A BRITISH angler has been hailed the world’s greatest fisherman after spending 18 years travelling 150,000 miles to achieve sport angling’s Holy Grail for the first time in history.
Zyg Gregorek, 65, is the first recreational fisherman anywhere to catch all 27 species in the three so-called "royal slams" set by the International Game Fish Association (IGFA) – hooking nine species of shark, including the great white, ten of billfish and eight of tuna.
His journey has taken him to some of the most remote corners of the world: from South Africa to Australia, Mauritius and the Galapagos Islands, and from America, Madeira and Ascension Island to Mozambique.
Mr Gregorek, who caught his first shark, a 40lb blue, off the coast at Padstow in Cornwall, completed his royal slams when he landed a 200lb thresher shark off San Diego – a species he had been trying to catch since 2004.
Rob Kramer, president of Florida-based IGFA, described Mr Gregorek’s achievement as "totally unique". He said: "To achieve one royal slam is impressive but to get all three is unheard of. He is the first and maybe the last. These awards are considered the big one – the Holy Grail. They are spectacular – travelling to exotic places and chasing a specific species of fish."
Mr Kramer stressed: "It is not about luck – you have to research, to know exactly where to go and when. Zyg is, by definition, the world’s greatest fisherman."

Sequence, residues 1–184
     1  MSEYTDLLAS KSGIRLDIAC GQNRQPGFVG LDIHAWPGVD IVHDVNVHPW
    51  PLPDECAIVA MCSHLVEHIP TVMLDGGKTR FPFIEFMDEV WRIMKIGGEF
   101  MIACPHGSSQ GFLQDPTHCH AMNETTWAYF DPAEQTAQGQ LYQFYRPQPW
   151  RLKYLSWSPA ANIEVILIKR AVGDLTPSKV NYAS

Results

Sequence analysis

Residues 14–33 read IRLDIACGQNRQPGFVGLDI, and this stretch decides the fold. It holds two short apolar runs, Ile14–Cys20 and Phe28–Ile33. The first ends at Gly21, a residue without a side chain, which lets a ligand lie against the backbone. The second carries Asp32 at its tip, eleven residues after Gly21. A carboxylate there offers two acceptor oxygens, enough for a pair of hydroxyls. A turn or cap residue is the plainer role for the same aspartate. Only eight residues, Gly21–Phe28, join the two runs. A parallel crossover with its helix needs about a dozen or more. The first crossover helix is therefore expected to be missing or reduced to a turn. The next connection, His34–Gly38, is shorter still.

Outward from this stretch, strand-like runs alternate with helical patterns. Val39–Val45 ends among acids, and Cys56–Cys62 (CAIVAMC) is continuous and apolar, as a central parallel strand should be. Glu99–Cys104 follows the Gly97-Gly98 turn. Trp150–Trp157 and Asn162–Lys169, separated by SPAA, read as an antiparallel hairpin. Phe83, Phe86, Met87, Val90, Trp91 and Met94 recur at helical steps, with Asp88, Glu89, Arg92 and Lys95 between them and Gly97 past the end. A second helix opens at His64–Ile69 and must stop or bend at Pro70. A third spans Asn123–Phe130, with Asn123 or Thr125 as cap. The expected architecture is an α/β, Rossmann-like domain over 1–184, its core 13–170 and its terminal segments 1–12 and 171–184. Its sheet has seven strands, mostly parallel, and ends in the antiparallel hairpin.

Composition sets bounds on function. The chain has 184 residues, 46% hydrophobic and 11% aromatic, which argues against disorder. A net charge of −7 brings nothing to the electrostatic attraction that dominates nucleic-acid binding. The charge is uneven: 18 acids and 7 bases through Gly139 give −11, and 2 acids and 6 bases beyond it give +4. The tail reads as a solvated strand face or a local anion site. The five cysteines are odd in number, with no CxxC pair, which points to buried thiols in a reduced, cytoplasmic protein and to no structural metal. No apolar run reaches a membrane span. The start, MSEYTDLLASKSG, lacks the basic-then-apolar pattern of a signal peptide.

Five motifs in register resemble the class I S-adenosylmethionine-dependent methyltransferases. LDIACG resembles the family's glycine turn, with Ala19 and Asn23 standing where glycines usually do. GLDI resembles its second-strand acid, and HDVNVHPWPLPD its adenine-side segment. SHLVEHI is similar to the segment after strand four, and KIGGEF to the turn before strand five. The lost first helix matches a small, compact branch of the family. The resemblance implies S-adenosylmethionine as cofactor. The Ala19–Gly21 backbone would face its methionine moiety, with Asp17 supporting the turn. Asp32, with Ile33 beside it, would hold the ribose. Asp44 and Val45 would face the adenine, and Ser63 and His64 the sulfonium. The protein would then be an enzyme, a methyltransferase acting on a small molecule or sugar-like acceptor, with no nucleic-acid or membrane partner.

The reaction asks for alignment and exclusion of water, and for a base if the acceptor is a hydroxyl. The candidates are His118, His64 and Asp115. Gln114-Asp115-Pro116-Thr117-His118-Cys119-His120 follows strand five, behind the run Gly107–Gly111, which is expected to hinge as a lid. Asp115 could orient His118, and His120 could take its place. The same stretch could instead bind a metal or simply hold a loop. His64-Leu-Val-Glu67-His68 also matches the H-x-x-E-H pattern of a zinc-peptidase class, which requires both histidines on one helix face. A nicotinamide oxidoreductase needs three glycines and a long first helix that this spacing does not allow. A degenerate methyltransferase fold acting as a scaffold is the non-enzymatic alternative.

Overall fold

I must admit I’m baffled how billfish have their own "royal slam" yet the IGFA is engaged in an "aggressive campaign to ban the sale and importation of billfish in the United States." Many species of shark and tuna, too, are at critical levels and unlikely to survive the next generation, so I don’t know how that factors in, either. Catch and release? Hypocrisy? I honestly don’t know.
Regardless, the accomplishment is certainly admirable on a personal level. Of all the virtues that could be ascribed to it, I am most impressed by Gregorek’s patience. Unlike, say, the Marathon monks, who can be assured that each step they take brings them closer to their goal, no matter how much research he did, there was no way for Gregorek to know he was accomplishing anything until he actually hauled the fish on deck. I can only imagine the number of times he thoroughly researched a fish and its likely locations then spent weeks endlessly catching the wrong fish. That’s patience.
Then again, if the Marathon monks had a bad day, they were supposed to kill themselves swiftly. Poor Gregorek got to watch the sun set at an exotic beach while drinking another piña colada.
Perhaps the secret to patience is to pace yourself.